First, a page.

English Education major, Heather Williams, elected Associated Student Representative for the southern region of Sigma Tau Delta
This March Heather Williams, a senior English Education major at the University of Mississippi, attended the national conference of the English Honor Society, Sigma Tau Delta, where she was elected Associated Student Representative for the Southern Region. Heather currently serves as the Vice President of her chapter, Eta Nu, and will become President in May 2016. She is a transfer student from Bevill State Community College in Jasper, AL, where she was involved in Sigma Kappa Delta (SKD), The English Honor Society Two-Year Colleges. She also is published in SKD’s 2014 literary journal, The Hedera helix. Besides Sigma Tau Delta, Heather also is involved in other leadership roles including the Transfer Leadership Organization and 1+1 Transfer Student Program, both of which help make the transition into university life easier for transfer students. When not reading or writing, Heather enjoys playing the guitar and loves putting music to her poetry. Her favorite literature genre is Southern literature, and her favorite book is The Road by Cormac McCarthy.
Ella Somerville Award for Poetry: Devin Kerr Pitts
Ella Somerville Award for Fiction: Charles McCrory
Bondurant Prize for Poetry: Shertock Lama
Bondurant Prize for Fiction: David Tran
The Forty-Fourth James Edwin Savage Lecture in the Renaissance: “Demonic Possession and the Theater in Early Modern England” by Brian Levack. April 12th at 6p.m. Bondurant Auditorium
Brian Levack grew up in a family of teachers in the New York metropolitan area. From his father, a professor of French history, he acquired a love for studying the past, and he knew from an early age that he too would become a historian. He received his B.A. from Fordham University in 1965 and his Ph.D. from Yale in 1970. In graduate school he became fascinated by the history of the law and the interaction between law and politics, interests that he has maintained throughout his career. In 1969 he joined the History Department of the University of Texas at Austin, where he is now the John E. Green Regents Professor in History. The winner of several teaching awards, Levack offers a wide variety of courses on early modern British and European history, legal history, and the history of witchcraft. For eight years he served as the chair of his department. His books include The Civil Lawyers in England, 1603-1641:A Political Study (1973), The Formation of the British State: England, Scotland and the Union, 1603-1707 (1987); The Witch-Hunt in Early Modern Europe (4th edition, 2016), which has been translated into eight languages; Witch-Hunting in Scotland: Law, Politics, and Religion (2008); and The Devil Within: Possession and Exorcism in the Christian West (2013). He has also edited twenty books, including The Jacobean Union: Six Tracts of 1604 (1985); The Witchcraft Sourcebook (2004; 2nd edition 2015); and The Oxford Handbook of Witchcraft in Early Modern Europe and Colonial America (2013).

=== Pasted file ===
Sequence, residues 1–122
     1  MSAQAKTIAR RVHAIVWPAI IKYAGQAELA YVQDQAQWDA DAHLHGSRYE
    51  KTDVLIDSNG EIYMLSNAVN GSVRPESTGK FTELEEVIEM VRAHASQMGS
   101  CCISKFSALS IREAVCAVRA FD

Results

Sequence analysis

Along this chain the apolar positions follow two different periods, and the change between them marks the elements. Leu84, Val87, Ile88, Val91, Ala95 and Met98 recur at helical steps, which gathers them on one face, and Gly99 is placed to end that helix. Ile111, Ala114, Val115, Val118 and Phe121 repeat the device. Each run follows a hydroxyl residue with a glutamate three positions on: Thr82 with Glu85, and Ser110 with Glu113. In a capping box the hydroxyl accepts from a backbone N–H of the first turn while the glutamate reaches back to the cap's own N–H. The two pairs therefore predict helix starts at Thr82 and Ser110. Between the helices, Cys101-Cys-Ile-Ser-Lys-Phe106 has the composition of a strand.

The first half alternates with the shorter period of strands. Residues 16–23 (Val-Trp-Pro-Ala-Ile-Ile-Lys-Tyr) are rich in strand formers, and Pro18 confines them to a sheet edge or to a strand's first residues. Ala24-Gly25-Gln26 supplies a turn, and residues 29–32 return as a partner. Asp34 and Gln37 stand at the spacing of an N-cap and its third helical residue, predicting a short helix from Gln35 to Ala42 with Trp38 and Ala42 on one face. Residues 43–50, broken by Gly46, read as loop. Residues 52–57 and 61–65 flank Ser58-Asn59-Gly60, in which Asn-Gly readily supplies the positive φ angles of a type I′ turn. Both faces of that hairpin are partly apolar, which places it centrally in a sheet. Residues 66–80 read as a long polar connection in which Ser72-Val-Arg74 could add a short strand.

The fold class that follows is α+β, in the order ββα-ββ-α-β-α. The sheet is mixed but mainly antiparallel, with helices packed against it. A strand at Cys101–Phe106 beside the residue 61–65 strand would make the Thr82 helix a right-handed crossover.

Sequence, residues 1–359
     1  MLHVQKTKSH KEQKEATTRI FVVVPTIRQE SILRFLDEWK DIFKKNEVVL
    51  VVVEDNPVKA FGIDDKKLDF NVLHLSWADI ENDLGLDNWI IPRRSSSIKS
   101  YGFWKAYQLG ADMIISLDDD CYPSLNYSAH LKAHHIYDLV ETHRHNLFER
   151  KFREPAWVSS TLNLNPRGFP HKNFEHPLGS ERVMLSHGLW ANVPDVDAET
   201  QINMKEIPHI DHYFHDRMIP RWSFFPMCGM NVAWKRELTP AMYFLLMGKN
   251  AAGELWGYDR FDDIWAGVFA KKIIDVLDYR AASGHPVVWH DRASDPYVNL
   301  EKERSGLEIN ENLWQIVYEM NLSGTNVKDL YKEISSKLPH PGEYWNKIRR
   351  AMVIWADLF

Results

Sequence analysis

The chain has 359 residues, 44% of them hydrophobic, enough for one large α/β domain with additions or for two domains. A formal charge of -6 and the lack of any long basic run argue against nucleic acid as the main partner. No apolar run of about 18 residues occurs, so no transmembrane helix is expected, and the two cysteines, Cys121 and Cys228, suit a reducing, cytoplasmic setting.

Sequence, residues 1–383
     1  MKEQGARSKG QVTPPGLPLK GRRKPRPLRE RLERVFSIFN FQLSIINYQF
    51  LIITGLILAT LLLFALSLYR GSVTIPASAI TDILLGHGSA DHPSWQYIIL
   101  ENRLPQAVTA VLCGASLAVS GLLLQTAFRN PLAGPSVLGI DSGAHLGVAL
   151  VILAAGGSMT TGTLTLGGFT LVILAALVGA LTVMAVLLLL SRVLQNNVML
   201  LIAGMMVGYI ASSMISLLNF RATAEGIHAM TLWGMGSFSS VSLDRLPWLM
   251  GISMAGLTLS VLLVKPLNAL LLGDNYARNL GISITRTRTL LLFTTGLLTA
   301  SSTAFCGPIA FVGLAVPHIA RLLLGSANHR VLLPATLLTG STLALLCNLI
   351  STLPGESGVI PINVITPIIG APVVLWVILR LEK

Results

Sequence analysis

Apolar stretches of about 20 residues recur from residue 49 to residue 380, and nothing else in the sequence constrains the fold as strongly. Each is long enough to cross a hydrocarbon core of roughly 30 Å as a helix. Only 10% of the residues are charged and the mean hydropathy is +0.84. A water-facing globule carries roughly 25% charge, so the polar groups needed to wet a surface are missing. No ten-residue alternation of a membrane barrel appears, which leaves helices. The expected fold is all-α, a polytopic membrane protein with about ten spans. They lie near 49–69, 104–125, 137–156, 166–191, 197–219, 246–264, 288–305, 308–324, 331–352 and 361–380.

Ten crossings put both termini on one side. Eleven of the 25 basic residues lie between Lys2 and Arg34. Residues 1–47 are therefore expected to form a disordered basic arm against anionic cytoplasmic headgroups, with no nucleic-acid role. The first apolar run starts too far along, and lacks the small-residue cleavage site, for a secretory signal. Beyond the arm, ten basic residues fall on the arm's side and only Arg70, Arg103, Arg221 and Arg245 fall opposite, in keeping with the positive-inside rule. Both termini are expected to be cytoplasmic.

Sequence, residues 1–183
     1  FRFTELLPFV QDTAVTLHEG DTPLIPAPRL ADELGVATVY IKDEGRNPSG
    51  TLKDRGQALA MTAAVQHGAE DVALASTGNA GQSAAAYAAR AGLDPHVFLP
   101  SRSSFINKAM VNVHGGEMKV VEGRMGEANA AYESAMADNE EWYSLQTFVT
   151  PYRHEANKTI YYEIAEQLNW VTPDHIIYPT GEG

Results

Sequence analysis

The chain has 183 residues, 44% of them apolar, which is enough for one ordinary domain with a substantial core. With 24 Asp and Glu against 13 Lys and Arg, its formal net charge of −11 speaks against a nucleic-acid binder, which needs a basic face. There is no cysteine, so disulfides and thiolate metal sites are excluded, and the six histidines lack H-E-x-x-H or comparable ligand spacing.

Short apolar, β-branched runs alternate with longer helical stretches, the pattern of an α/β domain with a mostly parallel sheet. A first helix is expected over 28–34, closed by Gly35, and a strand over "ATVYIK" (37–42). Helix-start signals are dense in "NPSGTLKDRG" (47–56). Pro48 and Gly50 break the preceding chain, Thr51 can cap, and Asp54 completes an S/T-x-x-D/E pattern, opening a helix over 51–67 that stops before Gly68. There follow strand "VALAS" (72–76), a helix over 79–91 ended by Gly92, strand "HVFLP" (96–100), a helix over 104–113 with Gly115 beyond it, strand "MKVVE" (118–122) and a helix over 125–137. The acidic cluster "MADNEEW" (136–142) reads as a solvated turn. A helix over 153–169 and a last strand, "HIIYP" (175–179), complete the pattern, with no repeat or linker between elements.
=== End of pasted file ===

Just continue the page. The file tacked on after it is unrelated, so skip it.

The lecture will take place on April 12 at 6:00 p.m. in the Bondurant Auditorium.
First Folio! The Book that Gave Us Shakespeare. April 11, 2016 Ford Center for the Performing Arts 6:30 p.m. Opening Remarks 7:00 p.m. The History of Shakespeare’s Text
For more information, click HERE.
On Tuesday, March 22, workers at the University of Mississippi excavated the brick foundation for the smokestack structure originally located just to the west of the 1908 power plant building where William Faulkner composed As I Lay Dying in the fall of 1929. The brickwork was discovered upon removal of a concrete pad that had in recent years supported a large HVAC unit serving the building. Other excavation work linked to the demolition of the power plant building has uncovered fifteen feet of the iron railwork originally laid for the railroad cars that once transported coal to the plant’s steam-powered electrical generator.